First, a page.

Sigmund Freud in Civilization and Its Discontents Essay

According to Sigmund Freud in Civilization and its Discontents the main function of society is to restrain our sexual aggressive impulses. These aggressive impulses are controlled through the super-ego, which is often referred to as our body’s “watchdog. ” The super-ego regulates these impulses of the ego in the form of a “conscience” which imposes a sense of guilt and need for self-punishment. Freud goes even further by saying that our culture, in order to maintain order and stability, reinforces two sources of guilt. The first is the fear of authority and the second is the fear of the super-ego.

Freud believed that humans were driven by this force called, Eros. Eros was defined as being an individual’s lust instincts, passion drives, and unfulfilled sexual instincts. Freud believed that humans are guilty because they don’t get to play or they don’t get what they want. Freud firmly believed that civilization and culture was a bad thing. It held individuals back from their deep-innermost feelings. Civilization was just a cope out, and was made by human’s beings that couldn’t behave and control their own selves; civilization struggled with the Eros.

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Freud not only believed that humans have this Eros life-favoring instinct but that they also have this Thanatos, death instinct. Similarly Freud believed that both instincts complimented each other. There are times, though, when humans need to act aggressively on the world, this would act as the Eros instinct and then the Thanatos instinct would preside over these aggressive and risky endeavors. In Greek mythology “Thanatos” was the god of a non-violent death. The oedipal complex was another term that Freud strongly believed in.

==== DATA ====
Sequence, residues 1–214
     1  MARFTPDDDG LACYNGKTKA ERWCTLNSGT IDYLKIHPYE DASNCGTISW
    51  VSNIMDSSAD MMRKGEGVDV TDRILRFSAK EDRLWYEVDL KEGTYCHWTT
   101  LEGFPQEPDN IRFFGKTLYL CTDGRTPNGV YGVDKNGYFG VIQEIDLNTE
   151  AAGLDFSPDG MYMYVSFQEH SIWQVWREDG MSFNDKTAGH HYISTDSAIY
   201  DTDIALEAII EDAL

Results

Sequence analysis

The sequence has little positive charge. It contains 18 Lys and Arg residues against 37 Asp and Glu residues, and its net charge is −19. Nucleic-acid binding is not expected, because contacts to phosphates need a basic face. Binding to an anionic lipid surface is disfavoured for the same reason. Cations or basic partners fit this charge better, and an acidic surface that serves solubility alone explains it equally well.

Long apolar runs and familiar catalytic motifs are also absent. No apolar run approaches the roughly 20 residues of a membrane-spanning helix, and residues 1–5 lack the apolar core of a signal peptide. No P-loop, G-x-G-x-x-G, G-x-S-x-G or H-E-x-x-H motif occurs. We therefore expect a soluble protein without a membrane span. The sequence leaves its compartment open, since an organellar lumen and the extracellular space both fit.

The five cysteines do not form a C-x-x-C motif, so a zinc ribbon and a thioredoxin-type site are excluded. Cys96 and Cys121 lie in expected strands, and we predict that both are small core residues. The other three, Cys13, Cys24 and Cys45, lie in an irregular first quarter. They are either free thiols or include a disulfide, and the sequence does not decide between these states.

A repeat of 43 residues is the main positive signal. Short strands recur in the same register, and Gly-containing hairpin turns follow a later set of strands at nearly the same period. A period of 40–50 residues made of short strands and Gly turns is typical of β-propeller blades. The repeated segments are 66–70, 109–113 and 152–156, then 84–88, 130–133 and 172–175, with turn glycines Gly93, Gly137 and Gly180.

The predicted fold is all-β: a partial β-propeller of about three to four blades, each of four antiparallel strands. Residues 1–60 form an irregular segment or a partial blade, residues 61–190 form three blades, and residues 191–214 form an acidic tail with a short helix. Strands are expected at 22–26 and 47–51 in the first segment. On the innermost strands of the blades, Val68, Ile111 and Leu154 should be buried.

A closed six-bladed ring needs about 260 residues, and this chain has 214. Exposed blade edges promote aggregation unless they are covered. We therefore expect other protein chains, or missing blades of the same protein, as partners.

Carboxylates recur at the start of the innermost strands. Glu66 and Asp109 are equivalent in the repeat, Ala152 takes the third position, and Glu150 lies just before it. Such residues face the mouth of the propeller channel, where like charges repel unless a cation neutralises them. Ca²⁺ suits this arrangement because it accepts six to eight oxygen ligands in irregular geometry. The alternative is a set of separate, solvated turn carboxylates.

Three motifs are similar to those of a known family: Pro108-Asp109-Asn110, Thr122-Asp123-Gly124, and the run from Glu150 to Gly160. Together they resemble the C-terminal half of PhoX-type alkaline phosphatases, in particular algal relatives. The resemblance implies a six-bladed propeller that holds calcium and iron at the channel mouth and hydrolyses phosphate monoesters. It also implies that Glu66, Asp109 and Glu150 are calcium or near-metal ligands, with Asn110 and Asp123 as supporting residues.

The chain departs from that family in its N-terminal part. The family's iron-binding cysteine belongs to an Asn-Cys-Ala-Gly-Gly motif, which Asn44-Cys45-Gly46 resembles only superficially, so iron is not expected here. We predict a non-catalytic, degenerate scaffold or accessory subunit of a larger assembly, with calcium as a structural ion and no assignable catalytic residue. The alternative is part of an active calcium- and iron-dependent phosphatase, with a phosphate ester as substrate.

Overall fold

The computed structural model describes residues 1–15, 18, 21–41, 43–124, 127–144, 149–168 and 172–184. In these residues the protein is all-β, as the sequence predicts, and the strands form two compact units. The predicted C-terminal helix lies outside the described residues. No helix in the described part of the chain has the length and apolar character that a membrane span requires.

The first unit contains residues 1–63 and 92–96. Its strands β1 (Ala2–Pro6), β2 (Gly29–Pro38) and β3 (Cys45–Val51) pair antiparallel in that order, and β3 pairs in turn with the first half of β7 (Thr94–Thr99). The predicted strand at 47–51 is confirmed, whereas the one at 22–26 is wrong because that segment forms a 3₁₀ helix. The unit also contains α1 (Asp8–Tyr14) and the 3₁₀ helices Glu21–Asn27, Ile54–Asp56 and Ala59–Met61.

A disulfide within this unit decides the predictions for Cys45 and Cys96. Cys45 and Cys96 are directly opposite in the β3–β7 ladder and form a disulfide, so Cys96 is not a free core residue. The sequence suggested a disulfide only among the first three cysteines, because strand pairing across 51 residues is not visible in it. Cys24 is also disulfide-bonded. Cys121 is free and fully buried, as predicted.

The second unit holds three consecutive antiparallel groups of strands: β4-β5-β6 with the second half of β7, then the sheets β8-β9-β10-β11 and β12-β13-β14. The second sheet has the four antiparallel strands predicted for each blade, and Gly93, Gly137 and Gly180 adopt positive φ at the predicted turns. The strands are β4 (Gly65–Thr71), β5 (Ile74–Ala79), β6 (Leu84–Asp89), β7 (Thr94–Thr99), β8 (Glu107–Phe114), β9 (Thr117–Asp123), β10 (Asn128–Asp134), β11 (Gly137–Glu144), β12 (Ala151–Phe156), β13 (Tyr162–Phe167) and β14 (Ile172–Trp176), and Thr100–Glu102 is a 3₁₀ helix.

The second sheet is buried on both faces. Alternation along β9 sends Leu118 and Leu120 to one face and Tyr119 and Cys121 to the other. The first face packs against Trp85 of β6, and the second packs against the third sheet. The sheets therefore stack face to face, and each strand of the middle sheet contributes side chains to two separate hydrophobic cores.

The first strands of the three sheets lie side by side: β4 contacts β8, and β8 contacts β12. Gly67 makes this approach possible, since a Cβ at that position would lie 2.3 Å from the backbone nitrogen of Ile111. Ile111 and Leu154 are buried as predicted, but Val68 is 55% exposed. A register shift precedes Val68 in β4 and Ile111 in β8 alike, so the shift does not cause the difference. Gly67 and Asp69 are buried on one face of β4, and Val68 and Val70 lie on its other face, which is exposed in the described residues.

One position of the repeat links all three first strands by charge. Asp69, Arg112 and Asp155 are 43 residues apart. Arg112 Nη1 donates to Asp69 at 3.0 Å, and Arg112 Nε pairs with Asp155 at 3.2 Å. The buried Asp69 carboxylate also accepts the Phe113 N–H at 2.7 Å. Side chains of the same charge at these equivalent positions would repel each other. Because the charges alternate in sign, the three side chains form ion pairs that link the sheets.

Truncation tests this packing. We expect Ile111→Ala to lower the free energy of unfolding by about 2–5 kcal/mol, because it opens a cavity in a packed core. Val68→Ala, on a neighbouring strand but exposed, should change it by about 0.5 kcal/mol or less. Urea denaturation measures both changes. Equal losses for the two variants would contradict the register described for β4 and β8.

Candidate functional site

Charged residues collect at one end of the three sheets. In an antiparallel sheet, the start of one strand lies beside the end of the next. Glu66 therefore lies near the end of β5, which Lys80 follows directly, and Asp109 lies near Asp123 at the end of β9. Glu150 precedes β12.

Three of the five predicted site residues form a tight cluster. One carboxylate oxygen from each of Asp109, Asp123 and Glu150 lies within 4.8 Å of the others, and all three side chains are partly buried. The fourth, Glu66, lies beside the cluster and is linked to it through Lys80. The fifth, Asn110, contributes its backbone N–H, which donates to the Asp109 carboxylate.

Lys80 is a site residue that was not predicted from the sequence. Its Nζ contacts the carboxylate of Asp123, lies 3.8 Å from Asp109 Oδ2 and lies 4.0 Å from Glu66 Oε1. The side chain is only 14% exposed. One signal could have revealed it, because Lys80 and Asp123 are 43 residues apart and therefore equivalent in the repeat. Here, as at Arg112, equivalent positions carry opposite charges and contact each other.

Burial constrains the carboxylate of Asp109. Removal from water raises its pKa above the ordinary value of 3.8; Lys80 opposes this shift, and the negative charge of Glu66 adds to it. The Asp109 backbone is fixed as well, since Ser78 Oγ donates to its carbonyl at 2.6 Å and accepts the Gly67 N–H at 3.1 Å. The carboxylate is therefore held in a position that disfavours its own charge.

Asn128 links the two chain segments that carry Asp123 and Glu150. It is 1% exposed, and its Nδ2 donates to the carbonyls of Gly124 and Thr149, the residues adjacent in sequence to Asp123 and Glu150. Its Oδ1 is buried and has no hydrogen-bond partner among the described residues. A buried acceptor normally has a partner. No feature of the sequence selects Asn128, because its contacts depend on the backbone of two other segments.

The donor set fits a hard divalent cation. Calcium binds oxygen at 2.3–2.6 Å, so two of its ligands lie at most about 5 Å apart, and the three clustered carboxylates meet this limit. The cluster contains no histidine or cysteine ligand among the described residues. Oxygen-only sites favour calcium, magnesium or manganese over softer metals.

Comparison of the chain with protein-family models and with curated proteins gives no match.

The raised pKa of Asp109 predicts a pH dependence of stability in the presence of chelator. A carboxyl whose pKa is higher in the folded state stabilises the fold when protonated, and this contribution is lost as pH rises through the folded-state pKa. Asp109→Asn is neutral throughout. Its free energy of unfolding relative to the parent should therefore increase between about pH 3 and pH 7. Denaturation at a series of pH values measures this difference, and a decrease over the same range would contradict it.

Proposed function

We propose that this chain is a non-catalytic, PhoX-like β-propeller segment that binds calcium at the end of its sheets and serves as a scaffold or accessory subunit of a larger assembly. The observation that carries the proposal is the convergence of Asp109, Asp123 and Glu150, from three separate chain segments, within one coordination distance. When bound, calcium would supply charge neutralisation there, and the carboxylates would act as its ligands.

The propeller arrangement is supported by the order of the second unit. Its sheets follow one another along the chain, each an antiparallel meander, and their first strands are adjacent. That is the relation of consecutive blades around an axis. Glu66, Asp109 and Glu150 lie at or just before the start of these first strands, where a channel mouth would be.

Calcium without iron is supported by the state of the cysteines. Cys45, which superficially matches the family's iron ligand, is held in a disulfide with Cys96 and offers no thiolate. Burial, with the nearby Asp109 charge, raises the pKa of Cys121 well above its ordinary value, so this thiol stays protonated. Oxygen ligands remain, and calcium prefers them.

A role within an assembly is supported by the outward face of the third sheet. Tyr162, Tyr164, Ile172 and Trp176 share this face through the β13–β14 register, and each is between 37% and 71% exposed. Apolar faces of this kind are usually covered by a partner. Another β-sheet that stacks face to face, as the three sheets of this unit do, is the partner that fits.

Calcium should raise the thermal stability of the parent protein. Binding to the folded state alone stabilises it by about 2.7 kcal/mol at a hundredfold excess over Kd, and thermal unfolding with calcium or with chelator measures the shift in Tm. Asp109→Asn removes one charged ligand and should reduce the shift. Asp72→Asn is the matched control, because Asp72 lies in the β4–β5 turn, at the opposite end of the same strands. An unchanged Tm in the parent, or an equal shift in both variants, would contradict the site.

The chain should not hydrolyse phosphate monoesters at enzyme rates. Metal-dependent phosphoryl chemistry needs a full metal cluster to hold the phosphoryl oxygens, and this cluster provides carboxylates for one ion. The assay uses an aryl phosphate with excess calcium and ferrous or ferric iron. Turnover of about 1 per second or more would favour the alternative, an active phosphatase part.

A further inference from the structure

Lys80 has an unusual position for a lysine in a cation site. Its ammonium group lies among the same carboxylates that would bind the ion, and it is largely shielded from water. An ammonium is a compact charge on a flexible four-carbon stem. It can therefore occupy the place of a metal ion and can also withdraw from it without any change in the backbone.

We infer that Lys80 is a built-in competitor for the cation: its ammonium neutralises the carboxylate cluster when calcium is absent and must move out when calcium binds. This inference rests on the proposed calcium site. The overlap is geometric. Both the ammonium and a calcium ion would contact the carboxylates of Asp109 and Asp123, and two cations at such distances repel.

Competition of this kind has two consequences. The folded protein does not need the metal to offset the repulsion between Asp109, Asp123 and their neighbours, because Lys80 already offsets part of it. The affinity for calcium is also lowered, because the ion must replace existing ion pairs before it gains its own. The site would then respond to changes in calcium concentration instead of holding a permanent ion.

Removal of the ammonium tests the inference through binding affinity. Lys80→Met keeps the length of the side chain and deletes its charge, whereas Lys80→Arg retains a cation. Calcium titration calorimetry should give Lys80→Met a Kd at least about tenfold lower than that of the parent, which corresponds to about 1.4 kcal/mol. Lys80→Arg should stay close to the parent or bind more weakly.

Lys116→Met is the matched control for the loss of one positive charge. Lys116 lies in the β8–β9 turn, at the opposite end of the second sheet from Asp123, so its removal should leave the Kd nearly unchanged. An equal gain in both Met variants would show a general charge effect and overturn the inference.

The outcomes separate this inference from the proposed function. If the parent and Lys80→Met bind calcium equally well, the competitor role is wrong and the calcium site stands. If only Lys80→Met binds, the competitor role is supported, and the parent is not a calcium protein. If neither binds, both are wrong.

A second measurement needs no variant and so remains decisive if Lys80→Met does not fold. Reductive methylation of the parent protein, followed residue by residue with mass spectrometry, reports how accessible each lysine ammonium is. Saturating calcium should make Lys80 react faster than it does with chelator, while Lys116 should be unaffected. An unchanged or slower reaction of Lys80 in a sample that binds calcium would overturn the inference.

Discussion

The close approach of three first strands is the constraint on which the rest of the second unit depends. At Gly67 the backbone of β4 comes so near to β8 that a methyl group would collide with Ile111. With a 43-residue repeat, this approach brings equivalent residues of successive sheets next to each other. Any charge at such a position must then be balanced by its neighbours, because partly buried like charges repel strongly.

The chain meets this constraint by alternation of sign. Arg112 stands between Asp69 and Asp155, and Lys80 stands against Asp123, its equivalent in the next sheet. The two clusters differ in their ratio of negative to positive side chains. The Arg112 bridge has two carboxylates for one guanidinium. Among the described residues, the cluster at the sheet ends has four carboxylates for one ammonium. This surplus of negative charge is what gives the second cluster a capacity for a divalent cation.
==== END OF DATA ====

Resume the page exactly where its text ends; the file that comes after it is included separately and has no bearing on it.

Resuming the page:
This was the idea that described a little boys desire for his mother and jealously and anger towards his father. The boy feels like he is in competition with his father for possession of his mother. He views his father as a rival for his mother’s affection. In order to develop into a successful adult the child must identify with the same-sex parent in order to resolve the conflict. Freud suggests that while the id wants to eliminate the father, the more convincing ego knows that the father is much stronger.

In conclusion Freud rejected civilization and said it was very unnatural but necessary; society was a bad thing. In the Western Civilization the Greeks seemed to be the most civilized. They were never peaceful and shaped themselves with qualities such as individuality, war-like, and were afraid. The Greeks were never sure what was going to happen next, they were afraid of the unknown, but they always kept moving forward. Freud mentioned that even today we still carry around baggage from the Greeks.

Freud states that we were born as animals and that the Greeks were inhibition. On the other hand the Greeks were good in math, architecture, farmers, fishermen, and were overall healthy. The Greeks did have one downfall; even though they would win battles they would also lose battles very badly. The Greeks loved war and would keep up with even the Spartan army who basically trained their whole lives. Lastly the Greeks were said to be the “physique of the gods,” meaning whatever they did was right; even Freud says we still carry around their baggage today.

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